PATRICK Dollan was Glasgow's Lord Provost during the first years of the war, and one of his greatest concerns during the conflict was the welfare of the Polish and Free French forces and personnel stationed in the west of Scotland.

In September 1940 he visited Polish troops in their temporary Scottish countryside base to make a presentation to Władysław Raczkiewicz, President of the Polish government-in-exile, on behalf of the city of Glasgow.

Dollan gave him a richly coloured banner (the work of students in the needlework department at the School of Art), its designs including the Polish eagle and the Glasgow coat-of-arms. It was, Mr Dollan said, a symbol of the long-standing friendship between Glasgow and Poland. He pledged that the city, and Scotland, would continue with the Poles in friendship, sacrifice and courage until the end of the journey.

The president in his turn handed the flag to General Wladyslaw Sikorski, Prime Minister of Poland and Commander-in-chief of the Polish forces, with whom he had travelled north for the occasion. (Gen Sikorski would die in an air crash in Gibraltar in 1943).

“Poland is fighting with Great Britain for Christian civilisation”, the president told his troops and his guests. “The Poles have once reconstructed their country - after the Great War of 1914. They will do it once again. Long live Poland!”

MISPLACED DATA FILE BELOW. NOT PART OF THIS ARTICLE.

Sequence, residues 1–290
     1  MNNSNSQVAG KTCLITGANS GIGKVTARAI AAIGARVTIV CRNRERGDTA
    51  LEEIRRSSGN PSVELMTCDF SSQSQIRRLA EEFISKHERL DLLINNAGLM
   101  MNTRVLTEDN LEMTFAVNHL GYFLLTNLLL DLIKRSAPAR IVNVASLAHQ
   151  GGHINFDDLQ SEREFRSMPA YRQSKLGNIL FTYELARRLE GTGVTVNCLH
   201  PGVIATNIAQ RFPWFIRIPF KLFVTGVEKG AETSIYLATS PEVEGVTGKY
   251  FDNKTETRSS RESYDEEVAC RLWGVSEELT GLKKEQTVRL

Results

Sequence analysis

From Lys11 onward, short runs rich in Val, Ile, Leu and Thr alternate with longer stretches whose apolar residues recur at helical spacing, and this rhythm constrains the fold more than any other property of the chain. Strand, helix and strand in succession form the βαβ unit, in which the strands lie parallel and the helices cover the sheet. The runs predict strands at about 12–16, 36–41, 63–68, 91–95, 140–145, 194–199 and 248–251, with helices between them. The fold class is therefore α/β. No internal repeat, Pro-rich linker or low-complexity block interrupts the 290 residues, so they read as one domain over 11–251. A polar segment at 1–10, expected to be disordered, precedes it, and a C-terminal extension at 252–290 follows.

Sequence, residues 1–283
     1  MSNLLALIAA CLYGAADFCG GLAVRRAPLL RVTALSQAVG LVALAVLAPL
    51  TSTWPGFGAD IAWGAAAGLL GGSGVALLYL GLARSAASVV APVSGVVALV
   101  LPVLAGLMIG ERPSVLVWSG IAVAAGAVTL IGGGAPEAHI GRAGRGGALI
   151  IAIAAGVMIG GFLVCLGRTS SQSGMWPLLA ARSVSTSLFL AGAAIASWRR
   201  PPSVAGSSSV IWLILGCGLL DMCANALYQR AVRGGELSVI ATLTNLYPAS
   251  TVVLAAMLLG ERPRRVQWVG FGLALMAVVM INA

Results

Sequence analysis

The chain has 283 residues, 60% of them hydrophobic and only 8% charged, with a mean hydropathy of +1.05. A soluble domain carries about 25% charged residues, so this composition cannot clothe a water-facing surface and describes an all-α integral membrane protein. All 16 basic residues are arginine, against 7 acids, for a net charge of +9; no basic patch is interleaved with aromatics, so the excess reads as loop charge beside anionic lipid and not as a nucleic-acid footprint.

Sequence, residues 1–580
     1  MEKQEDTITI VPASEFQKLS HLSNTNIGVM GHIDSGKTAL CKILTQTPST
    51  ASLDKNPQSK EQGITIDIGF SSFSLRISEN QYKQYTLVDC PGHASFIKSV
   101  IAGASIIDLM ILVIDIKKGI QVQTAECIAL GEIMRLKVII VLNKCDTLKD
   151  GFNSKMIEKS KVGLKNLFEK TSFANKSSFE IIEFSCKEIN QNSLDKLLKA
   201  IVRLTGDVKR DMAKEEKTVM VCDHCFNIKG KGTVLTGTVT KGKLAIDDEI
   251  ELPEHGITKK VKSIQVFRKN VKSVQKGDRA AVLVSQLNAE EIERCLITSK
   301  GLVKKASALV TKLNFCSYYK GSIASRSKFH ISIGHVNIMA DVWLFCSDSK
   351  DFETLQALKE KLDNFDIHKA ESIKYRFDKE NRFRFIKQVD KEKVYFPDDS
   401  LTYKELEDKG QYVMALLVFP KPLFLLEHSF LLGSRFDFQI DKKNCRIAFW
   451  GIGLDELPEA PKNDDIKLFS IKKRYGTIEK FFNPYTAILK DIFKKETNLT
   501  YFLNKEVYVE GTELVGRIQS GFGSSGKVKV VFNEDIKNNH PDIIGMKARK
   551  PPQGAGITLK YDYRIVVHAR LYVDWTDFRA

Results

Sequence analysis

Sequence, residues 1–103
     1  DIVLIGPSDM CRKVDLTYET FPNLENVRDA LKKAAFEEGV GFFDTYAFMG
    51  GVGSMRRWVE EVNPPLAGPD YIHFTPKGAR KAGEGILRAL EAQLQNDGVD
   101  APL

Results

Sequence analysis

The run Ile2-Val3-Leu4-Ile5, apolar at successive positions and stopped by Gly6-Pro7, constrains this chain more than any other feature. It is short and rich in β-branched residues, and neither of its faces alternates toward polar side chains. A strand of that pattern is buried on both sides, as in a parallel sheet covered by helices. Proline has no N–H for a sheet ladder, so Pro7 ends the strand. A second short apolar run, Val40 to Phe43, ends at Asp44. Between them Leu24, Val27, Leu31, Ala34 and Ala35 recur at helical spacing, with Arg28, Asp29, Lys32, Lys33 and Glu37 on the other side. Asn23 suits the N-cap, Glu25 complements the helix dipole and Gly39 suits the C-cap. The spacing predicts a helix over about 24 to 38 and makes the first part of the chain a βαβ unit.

It was a festive day for all concerned; a choir and a band performed national songs and music, and a two-hour-long lunch was served in a large marquee decorated with heather, fir and the national flags of Poland and Scotland.Towards the end, a young soldier conveyed to the Lord Provost the thanks of his comrades and assured him they would try to prove themselves worthy of the reputation of Polish troops of earlier years.

Mr Dollan was a high-profile figure during the war years when he was in office. The City of Glasgow Central War Relief Fund raised huge sums of money, and he was a key figure in the city’s War Weapons Weeks. In August 1941 a substantial crowd of Home Guard battalions and members of the public gathered in George Square to hear him speak during a tank parade.

Mr Dollan’s term of office expired in November 1941. In a farewell speech to reporters he said he had raised some £430,000 for war funds, including £144,420 for the city’s own war fund; over £170,000 for the relief of distress on blitzed Clydeside; £3,000 for a Refugees’ Fund, and £8,000 towards a fund for survivors of the Athenia, the passenger liner sunk at the outbreak of war in September 1939. He was knighted in the New Year’s Honours of 1941; the citation referred to the widely-praised enthusiasm and drive with which he, as civic head, had built up the city’s civilian defence and war effort.

Read more: Herald Diary